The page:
Hub 16 is open at the lower end of lower annular side wall 74, and has three equiangularly spaced snap-in beads 88 on the inner surface thereof. As a result, hub 16 can be snap fit onto propellant container 12. In such case, annular snap-in beads 88 will snap over annular undercut 40 in order to hold hub 16 on container 12.

A top wall 90 closes the upper edge of upper annular side wall 70 and includes a central opening 92, as well as three equiangularly spaced, slightly arcuate slots 94 in surrounding relation to central opening 92. When hub 16 is snapped onto container 12, as shown best in FIG. 2, upper annular actuating surface 58 of actuator cup 14 is positioned against or very close to the lower surface of top wall 90, with upper annular actuating surface 58 immediately below slots 94.

An annular boss 96 extends down from the lower surface of top wall 90 in surrounding relation to central opening 92 for a distance almost to the lower edge of upper annular side wall 70. The inner surface of annular boss 96 is formed with a helical screw thread 98. A hollow shaft 100 having an outer diameter less than the inner diameter of annular boss 96, is provided coaxially within annular boss 96 and is of substantially the same height as annular boss 96. The lower edges of annular boss 96 and hollow shaft 100 are connected together by an annular connecting wall 102. This latter arrangement is provided to capture and hold applicator tube 17 therein.

As discussed above, applicator tube 17 is secured to hub 16. As shown in FIGS. 15-21, applicator tube 17 has a barbell-like shape. Specifically, applicator tube 17 is formed by a unitary hollow shaft 110 of a generally constant thickness throughout. Hollow shaft 110 includes a center section 112 of a first diameter, an upper section 114 of a diameter which is greater than the first diameter of center section 112 and a lower section 116 of a diameter which is also greater than the first diameter of center section 112. An annular shoulder 118 is formed at the connection of the lower end of upper section 114 with the upper end of center section 112, while a second annular shoulder 120 is formed at the connection of the upper end of lower section 116 with the lower end of center section 112.

Two diametrically opposite projections 122 extend outwardly in the radial direction from the outer surface of lower section 116 at the lower edge thereof. The outer diameter of lower section 116 is less than the inner diameter of annular boss 96 while the inner diameter of lower section 116 is greater than the outer diameter of hollow shaft 100 so as to fit therebetween. In this manner, when the lower end of lower section 116 is inserted between boss 96 and hollow shaft 100, and then rotated, projections 122 engage with helical screw thread 98 to releasably lock applicator tube 17 to hub 16, as shown best in FIG. 21.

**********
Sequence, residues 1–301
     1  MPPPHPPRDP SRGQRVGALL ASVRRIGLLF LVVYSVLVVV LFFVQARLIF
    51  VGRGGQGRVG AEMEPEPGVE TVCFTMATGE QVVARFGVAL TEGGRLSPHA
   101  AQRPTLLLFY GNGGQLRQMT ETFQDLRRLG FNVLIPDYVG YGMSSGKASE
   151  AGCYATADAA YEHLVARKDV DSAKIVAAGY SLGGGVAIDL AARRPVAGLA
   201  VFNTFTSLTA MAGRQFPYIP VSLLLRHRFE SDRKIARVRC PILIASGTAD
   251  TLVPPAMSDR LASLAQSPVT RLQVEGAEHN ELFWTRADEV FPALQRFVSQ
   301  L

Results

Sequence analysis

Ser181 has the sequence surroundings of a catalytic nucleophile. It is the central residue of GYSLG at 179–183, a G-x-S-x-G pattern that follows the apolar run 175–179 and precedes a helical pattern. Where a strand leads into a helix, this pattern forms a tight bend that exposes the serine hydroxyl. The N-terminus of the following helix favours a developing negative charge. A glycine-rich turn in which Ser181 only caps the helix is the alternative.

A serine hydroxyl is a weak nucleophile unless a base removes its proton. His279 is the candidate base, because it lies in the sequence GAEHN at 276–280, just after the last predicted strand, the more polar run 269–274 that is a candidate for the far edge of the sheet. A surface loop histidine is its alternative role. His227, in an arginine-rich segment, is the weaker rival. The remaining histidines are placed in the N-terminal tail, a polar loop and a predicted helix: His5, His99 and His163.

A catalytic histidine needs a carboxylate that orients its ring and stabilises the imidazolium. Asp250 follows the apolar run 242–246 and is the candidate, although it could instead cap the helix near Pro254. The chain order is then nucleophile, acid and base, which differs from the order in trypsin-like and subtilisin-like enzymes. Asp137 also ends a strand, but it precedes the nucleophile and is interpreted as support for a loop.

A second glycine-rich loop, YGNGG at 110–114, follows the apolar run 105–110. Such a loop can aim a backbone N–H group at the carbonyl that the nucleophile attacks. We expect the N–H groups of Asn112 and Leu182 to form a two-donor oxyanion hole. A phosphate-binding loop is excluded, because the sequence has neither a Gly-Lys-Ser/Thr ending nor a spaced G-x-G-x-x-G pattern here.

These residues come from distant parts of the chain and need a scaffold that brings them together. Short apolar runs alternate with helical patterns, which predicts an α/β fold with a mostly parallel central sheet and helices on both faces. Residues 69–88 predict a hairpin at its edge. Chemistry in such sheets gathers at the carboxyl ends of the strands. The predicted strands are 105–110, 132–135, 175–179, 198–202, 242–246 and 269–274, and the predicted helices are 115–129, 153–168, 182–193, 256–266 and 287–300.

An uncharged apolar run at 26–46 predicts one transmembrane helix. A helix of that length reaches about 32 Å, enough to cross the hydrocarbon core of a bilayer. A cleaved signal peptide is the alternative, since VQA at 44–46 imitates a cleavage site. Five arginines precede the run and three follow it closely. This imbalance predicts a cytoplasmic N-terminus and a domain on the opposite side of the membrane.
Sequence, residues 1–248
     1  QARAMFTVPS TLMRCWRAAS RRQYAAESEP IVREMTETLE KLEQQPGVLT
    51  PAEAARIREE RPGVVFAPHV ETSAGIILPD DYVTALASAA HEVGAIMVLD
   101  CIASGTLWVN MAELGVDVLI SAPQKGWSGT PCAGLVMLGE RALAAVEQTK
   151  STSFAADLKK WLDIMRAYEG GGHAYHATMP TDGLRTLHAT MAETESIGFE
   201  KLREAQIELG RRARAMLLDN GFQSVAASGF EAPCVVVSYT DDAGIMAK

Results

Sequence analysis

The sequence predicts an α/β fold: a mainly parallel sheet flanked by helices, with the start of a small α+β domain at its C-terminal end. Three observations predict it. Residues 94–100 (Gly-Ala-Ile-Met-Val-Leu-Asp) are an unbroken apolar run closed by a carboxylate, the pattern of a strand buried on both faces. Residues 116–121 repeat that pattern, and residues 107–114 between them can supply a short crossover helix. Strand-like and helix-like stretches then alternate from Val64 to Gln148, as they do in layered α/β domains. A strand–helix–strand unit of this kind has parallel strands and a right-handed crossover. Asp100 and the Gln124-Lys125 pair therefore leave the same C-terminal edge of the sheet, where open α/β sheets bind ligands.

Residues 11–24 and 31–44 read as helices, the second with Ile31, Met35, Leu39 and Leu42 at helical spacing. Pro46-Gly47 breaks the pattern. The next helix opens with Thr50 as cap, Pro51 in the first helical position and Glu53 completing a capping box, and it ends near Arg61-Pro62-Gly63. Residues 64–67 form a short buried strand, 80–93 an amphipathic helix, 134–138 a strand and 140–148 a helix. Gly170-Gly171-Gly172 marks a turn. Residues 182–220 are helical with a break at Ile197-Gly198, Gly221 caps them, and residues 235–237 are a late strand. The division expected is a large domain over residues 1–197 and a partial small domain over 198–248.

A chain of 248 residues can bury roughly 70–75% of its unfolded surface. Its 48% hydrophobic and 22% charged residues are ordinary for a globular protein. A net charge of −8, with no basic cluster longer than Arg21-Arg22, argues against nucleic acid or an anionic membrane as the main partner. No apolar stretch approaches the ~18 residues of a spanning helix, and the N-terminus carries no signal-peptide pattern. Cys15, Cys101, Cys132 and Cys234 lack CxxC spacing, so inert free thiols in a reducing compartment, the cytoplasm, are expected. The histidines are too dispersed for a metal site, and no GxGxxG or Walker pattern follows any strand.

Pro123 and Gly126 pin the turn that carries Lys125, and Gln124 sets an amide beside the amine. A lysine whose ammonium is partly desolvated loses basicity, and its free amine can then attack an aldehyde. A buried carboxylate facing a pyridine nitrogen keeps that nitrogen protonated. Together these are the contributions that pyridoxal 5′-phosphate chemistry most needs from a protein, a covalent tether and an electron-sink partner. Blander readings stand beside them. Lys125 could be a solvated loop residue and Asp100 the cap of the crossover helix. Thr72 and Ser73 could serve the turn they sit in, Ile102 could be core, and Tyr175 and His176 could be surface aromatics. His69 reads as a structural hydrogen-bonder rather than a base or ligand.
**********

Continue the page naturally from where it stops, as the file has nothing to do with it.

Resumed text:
The inner surface of upper section 114 is provided with equiangularly spaced grooves 124 that extend vertically and in the radial direction, so as to define a plurality of equiangularly spaced vertical projections 126 extending inwardly in the radial direction. The grooves 124 serve to conduct the refrigerant from outlet tube 60 through applicator tube 17 into contact with cylindrical tip 128.

Cylindrical tip 128 formed from a porous material is friction fit in upper section 114 and held therein by projections 126. After contact with refrigerant, tip 128 is used to freeze the skin. Tip 128 can be made of any suitable material, such as a polymeric foam, a sintered thermoplastic, a sintered metal, a glass or ceramic frit, or a polyolefin or polyester nonwoven fabric. Preferably, tip 128 is secured to applicator tube 17, for example by thermal welding, ultrasonic welding, an adhesive, etc. In general, the void volume of the porous material should be greater than about 50 percent to provide sufficient capacity for receiving liquid refrigerant for a period of time sufficient to chill tip 128 to a therapeutically effective temperature. A maximum void volume will typically not exceed about 90 percent, and will depend on the relative rigidity and strength of the material of construction so that the tip will retain its general shape during use.

Preferably, tip 128 comprises a nonwoven material in which oriented bicomponent polyethylene/polyester fibers are thermally bonded into a rod configuration, having a density about 0.2 g/cm3 and a void volume about 80 percent. The tip can be shaped as desired, such as cylindrical, conical pointed, truncated conical, or other shapes that provide a desired skin contact area. An advantage of nonwoven material is its rigidity, so that the desired shape is generally maintained during use, while also providing a good degree of comfort by being somewhat deformable while held in contact with the skin. Also, the important properties of nonwoven materials are not substantially changed as the temperatures vary during use in the invention.

In a presently preferred embodiment, an applicator tube 17 is about 25 mm (1 inch) in length and center section 112 has an inner diameter about 5 mm (0.2 inches); the inner diameter of upper section 114, between opposite projections 126, is about 6 mm (0.23 inches) to enhance retention of the porous tip. The porous tip has a diameter about 6.4 mm (0.25 inches) and a length about 12.7 mm (0.5 inches); at least about half of the length of the tip will typically extend beyond the upper edge of the applicator tube. When formed from the nonwoven material described above, a tip of these dimensions will have a mass about 75 mg.